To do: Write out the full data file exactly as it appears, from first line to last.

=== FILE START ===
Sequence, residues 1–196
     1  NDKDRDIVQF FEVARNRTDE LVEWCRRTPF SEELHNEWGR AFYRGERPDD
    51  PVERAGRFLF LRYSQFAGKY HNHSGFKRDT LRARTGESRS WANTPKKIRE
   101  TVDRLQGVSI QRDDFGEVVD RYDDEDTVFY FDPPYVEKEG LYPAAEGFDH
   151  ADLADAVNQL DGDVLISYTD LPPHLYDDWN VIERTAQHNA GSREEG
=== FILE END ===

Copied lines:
Sequence, residues 1–196
     1  NDKDRDIVQF FEVARNRTDE LVEWCRRTPF SEELHNEWGR AFYRGERPDD
    51  PVERAGRFLF LRYSQFAGKY HNHSGFKRDT LRARTGESRS WANTPKKIRE
   101  TVDRLQGVSI QRDDFGEVVD RYDDEDTVFY FDPPYVEKEG LYPAAEGFDH
   151  ADLADAVNQL DGDVLISYTD LPPHLYDDWN VIERTAQHNA GSREEG